Take the 2-minute tour ×
Stack Overflow is a question and answer site for professional and enthusiast programmers. It's 100% free, no registration required.

I'm having real difficulty with this but I'm no javascript expert. All I want to do is get myself an array of all matches in a string which match a given regExp. The regExp being this :

[0-9]+

ie. Any integer.

So If I pass the string "12 09:8:76:::54 12" I should get

arr[0]="12" arr[1]="09" arr[2]="8" arr[3]="76" arr[4]="54" arr[5]="12"

Easy? Not for me! I could do this in vb.net no problem with regexp.matches(string) (something like that anyway). I thought that the javascript method .exec would also give me an array however it only returns the first match. What's going on? Code...

function testIt(){
    splitOutSelection2("123:::45  0::12312 12:17"); 
}


function splitOutSelection2(sSelection){
    var regExp = new RegExp("[0-9]+","g");
    var arr = regExp.exec(sSelection);
}; 
share|improve this question

6 Answers 6

arr = sSelection.match(/[0-9]+/g);

should do.

g is the global modifier that you need to get all the matches, not just the first one.

share|improve this answer
    
Thanks, this works. I realise that I should be using match and not exec. I was specifying the global modifier in my regExp declaration. But it is 'match' that is the key. My code can be rewritten as.. function splitOutSelection2(sSelection){ var regExp = new RegExp("[0-9]+","g"); var arr = sSelection.match(regExp); }; –  El Ronnoco Jul 19 '10 at 9:27

something like:

var arrMatch = "12 09:8:76:::54 12".match(/[0-9]+/g);
alert(arrMatch);

.match will return an array if global is set (and matches are found of course). [0-9]+ means it will search for not only single digits, but also match 12, 09, 76.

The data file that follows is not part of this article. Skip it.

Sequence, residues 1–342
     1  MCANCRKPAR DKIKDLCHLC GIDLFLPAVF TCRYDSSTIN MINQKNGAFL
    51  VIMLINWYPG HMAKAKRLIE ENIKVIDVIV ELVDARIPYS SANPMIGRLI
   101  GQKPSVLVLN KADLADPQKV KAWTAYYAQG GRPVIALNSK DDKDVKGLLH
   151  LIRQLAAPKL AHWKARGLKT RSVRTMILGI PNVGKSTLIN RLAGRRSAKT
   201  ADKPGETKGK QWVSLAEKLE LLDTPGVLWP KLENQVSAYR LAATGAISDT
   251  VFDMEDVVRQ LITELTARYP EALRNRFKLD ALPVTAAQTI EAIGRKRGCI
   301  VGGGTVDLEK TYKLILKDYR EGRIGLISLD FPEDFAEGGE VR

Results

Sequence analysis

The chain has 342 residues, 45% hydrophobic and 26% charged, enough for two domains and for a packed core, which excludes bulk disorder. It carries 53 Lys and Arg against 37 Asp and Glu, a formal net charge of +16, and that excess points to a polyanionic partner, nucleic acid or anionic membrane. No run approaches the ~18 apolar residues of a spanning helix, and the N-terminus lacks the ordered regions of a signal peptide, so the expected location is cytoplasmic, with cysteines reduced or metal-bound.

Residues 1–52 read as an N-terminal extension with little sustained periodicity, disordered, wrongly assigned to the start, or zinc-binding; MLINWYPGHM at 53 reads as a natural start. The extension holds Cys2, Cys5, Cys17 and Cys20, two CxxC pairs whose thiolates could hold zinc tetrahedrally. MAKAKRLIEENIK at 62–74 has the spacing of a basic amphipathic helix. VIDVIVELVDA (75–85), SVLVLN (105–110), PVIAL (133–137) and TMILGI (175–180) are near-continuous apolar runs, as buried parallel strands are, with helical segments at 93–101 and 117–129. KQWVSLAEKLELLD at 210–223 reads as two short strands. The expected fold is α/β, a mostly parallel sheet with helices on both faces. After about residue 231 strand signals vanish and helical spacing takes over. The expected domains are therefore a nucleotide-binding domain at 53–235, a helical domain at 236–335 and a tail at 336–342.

share|improve this answer
    
Thanks. I initially thought that match wasn't working but it was not working because I hadn't set the g flag. This is why I went down the exec route which was incorrect. –  El Ronnoco Jul 19 '10 at 9:28

You can utilize the code specified in here, use regexpal to test your regex

share|improve this answer

According to the doc, exec return the first match. You should use match instead.

var arr = sSelection.match(/[0-9]+/g);

or

var arr = sSelection.match(/\d+/g);
share|improve this answer
up vote 0 down vote accepted

All the answers work but I was wanting to keep my regExp object rather than specify it at the time of use. So simply changing the function to...

function splitOutSelection2(sSelection){
    var regExp = new RegExp("[0-9]+","g");
    var arr = sSelection.match(regExp);
}; 

..is what I was looking for. Thanks for pointing me in the right direction though to all who have replied.

share|improve this answer
function splitOutSelection2(sSelection){
    return sSelection.split(/[^0-9]+/g);
};

Negate the regExp and use String#split.

share|improve this answer
    
Thanks, I'm sure this will work too. Is using split and a negated match more efficient than using exec? –  El Ronnoco Aug 10 '10 at 22:32

Your Answer

 
discard

By posting your answer, you agree to the privacy policy and terms of service.

Not the answer you're looking for? Browse other questions tagged or ask your own question.